"Sky Light," created by Alma Thomas in 1973
Her artwork (“Sky Light”) graces the Obama’s private residence in the White House. She was the first student to graduate with a B.S. in Fine Arts from Howard University. She was the first African American to have a solo exhibition at the Whitney Museum, and critics raved! A teacher and community arts developer, this lady impacted lives in a positive way. She shows us that the creative journey is limitless.
Alma Thomas, photograph courtesy of the Associated Press
Alma Woodsey Thomas is a truly distinctive artist featured in Abrakadoodle’s creative art program for children. Born September 22, 1891, Alma showed her interest in the arts at a young age, making puppets and sculpture creations. She was a lifelong learner and educator and what you might call a late bloomer, evolving into an Expressionist painter.
Alma’s family moved her from Georgia to Washington, D.C. in 1906 due to the racial turmoil in Georgia, as well as the well-respected (though then segregated) public school system available in the nation’s capitol. Alma graduated from high school and then studied kindergarten education and became a teacher. Some years passed and in 1921, she entered Howard University and became the first graduate with a B.S. in Fine Arts in 1924. Alma went on to teach at the junior high level and started a community arts program that encouraged student appreciation of fine art. In 1934, Alma earned her Masters in Art Education from Columbia University, and she also studied painting for nearly a decade at American University. She traveled to art centers in Western Europe and after retiring in 1960, she dedicated herself to painting in the kitchen of her childhood home in D.C. She was 69 years young! Alma’s passion for education and her happy, colorful artwork inspire us all, and Abrakadoodle salutes her contribution to creativity and the arts!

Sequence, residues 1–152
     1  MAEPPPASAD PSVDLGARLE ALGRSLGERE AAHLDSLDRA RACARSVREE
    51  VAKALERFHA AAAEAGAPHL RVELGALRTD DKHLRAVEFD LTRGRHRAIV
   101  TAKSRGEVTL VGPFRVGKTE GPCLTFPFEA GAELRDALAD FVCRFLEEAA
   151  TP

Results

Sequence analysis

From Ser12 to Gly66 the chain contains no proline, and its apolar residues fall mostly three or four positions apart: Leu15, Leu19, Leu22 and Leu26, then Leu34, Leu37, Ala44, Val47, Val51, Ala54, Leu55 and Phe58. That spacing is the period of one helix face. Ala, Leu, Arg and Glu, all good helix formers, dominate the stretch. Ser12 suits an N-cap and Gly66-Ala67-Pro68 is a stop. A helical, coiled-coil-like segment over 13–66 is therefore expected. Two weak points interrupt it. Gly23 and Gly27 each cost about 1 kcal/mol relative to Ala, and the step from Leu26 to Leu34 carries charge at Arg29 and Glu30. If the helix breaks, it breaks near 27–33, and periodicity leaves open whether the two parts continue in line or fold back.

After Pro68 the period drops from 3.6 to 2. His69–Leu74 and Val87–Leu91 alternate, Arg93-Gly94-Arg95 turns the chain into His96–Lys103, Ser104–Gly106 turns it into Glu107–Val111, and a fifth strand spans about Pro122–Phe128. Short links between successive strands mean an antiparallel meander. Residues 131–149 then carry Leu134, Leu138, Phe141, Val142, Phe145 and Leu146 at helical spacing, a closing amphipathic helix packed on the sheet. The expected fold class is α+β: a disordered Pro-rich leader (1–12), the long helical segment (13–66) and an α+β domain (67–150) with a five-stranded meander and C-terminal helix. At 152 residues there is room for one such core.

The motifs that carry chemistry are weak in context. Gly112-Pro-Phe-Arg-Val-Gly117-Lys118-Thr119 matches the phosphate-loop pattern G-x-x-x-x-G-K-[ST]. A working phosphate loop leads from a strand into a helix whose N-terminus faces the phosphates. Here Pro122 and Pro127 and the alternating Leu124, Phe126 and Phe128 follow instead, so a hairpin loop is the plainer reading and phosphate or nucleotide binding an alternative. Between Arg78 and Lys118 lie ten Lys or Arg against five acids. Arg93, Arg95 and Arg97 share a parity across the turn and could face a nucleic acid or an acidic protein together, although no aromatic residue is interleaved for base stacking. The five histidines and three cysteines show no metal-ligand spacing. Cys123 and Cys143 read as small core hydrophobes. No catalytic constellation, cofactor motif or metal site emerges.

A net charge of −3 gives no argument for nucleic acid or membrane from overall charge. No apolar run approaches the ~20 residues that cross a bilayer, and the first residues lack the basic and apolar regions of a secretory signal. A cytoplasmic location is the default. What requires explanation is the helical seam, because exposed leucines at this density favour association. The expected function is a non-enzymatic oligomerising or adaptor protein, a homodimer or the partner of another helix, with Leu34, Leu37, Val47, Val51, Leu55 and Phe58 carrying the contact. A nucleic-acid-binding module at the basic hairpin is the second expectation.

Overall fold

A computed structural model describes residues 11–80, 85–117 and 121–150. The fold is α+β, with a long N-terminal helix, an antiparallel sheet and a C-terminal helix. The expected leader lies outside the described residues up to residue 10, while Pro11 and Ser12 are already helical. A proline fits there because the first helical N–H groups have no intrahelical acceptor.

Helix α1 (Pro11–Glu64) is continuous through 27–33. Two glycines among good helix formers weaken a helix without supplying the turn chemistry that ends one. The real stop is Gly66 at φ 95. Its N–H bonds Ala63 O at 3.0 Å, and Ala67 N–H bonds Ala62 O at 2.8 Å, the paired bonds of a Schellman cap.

According to a 2009 article, White House Art: Colors from a World of Black and White, from the New York Times, “Her art was accessible. Her abstraction was never really abstract; you could always see the nature in it: flowers, wind. Her paintings were modern but part of some older tradition too, as close to quilts as to Matisse. In a racially charged era, her art wasn’t political, or at least not overtly so. Instead of talking anger, she talked color: ‘Through color I have sought to concentrate on beauty and happiness, rather than on man’s inhumanity to man.’
Alma Thomas was the first African American woman to have a solor exhibition at the Whitney Museum of American Art, and that same year, her work was also shown at the Corcoran Gallery of Art.
“Creativity art is for all time and is therefore independent of time. It is of all ages, of every land, and if by this we mean the creative spirit in man which produces a picture or a statue is common to the whole civilized world, independent of age, race and nationality; the statement may stand unchallenged.” ~ Alma Thomas, 1970